Even before the country had announced a nationwide lockdown, many states in the country had announced curfews to restrict the movement of people. Researchers have warned of an outbreak worse than the ones reported in Italy and Spain due to the sheer population size, along with the lack of access to quality healthcare in the country.

With the scientific community hard at work towards creating an effective line of treatment for COVID-19 patients globally, practising hand hygiene, covering the nose and mouth with masks as well as enforcing people to stay indoors and limit human contact are being promoted as safety measures to flatten the curve.

India had also mandated those who had returned from international travel over the last month to be placed under a 14-day quarantine in their own homes to limit their contact in an effort to stop the infection from spreading.

Read more: How to take care of a COVID-19 patient at home

Since the first positive case was discovered in late January, the number of patients testing positive for the novel strain of coronavirus remained low up until the beginning of March. Experts believe that was due to the limited number of tests that had been carried out until then, as India didn't have enough testing facilities or kits made available to cater to its large population.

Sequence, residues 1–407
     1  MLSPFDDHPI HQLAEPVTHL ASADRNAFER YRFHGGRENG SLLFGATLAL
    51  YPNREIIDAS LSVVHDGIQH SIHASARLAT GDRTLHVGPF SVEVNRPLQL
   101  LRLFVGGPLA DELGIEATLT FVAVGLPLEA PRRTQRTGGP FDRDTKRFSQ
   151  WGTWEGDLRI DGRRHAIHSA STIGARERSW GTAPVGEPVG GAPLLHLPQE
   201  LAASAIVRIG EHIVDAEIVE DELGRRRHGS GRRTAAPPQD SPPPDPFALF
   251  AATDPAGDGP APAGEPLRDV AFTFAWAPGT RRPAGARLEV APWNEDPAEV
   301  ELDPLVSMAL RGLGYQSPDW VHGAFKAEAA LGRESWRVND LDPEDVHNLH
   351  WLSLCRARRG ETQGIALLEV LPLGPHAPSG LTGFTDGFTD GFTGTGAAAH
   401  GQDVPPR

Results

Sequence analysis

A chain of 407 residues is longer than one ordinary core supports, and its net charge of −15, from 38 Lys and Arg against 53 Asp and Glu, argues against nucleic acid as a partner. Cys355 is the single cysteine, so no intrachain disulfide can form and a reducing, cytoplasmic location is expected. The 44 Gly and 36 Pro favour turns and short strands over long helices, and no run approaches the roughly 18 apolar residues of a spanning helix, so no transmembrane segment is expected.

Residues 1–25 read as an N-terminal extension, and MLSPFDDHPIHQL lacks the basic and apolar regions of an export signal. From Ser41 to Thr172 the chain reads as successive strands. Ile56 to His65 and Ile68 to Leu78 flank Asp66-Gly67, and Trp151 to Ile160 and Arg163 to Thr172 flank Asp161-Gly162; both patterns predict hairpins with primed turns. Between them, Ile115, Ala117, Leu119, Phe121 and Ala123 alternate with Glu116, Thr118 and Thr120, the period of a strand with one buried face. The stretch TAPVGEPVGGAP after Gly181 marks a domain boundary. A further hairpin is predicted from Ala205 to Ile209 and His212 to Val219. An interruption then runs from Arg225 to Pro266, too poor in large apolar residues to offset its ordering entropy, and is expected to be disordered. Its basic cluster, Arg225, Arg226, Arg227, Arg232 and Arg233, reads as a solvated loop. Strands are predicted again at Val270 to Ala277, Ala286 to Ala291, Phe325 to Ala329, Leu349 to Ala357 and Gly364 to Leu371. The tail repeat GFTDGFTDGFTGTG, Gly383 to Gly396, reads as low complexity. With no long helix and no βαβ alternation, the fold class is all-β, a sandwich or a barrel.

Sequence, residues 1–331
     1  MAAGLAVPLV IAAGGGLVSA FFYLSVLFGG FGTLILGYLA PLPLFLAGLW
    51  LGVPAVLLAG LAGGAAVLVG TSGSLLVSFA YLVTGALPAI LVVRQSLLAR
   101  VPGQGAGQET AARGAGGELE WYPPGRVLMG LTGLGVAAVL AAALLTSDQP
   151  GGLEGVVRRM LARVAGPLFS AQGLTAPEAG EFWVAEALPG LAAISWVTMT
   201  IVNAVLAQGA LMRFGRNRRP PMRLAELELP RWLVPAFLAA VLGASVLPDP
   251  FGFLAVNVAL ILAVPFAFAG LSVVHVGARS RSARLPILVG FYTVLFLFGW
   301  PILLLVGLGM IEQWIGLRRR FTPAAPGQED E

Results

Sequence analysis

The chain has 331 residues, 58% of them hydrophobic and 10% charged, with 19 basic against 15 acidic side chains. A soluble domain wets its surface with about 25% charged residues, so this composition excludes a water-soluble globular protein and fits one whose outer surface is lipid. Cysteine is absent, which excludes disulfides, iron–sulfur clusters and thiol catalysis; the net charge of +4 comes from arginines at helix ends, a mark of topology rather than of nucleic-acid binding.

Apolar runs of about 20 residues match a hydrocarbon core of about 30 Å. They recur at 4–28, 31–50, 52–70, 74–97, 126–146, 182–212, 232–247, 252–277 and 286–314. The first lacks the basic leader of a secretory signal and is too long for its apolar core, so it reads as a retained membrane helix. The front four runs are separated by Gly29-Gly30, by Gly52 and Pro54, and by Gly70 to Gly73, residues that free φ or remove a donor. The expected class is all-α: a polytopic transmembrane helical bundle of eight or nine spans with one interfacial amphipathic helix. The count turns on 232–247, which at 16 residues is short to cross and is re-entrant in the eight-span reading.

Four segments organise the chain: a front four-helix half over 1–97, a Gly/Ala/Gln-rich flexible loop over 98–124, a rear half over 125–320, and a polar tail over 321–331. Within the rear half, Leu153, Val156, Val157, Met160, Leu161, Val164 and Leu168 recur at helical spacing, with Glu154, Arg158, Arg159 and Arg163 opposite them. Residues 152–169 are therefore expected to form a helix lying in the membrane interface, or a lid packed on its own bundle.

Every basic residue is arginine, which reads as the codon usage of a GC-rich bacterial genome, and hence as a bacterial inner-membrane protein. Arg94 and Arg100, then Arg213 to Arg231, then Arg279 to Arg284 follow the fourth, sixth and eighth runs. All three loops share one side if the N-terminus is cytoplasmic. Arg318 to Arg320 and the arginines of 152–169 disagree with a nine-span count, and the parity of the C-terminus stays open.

Until the end of March 2020, India was conducting only about 90 tests on a daily basis, nowhere near the numbers that would satisfy the global health community. However, with the number of testing centres and test kits being ramped up around the country, the figures are projected to rise.

Various studies, conducted by Indian as well as international agencies, have estimated staggering numbers of positive cases in the coming months in the world’s second most populous country. According to the ICMR, strict social distancing measures for those presenting symptoms of the disease can help in reducing the number of COVID-19 cases by a value of 62%. 

Another research group called COV-IND-19 Study Group comprising a team of researchers from all over the world, also pointed out that while the initial numbers of positive cases in the country were a good sign, it wasn't a true reflection of the parameters with the vital component of large-scale testing not applied as yet. According to them, going by the early phases of testing data, India is still looking at about 1-13 lakh positive cases in the next two months.